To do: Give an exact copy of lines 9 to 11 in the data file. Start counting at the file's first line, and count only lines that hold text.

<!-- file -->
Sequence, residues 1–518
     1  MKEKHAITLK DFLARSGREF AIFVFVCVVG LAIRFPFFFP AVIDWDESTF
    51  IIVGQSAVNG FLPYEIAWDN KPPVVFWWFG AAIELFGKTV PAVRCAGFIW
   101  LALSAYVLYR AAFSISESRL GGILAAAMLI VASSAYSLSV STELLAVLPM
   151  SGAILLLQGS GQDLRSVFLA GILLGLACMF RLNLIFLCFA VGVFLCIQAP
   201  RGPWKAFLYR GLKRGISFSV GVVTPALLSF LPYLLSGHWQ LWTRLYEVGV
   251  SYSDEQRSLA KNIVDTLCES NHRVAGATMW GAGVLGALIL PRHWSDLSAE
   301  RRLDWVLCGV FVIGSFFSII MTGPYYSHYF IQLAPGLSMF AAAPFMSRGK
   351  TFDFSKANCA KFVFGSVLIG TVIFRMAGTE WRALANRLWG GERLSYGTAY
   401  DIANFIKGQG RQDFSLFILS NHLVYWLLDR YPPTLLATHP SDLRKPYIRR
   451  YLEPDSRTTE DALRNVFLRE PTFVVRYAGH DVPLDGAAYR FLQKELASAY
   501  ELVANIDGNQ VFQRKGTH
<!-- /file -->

   351  TFDFSKANCA KFVFGSVLIG TVIFRMAGTE WRALANRLWG GERLSYGTAY
   401  DIANFIKGQG RQDFSLFILS NHLVYWLLDR YPPTLLATHP SDLRKPYIRR
   451  YLEPDSRTTE DALRNVFLRE PTFVVRYAGH DVPLDGAAYR FLQKELASAY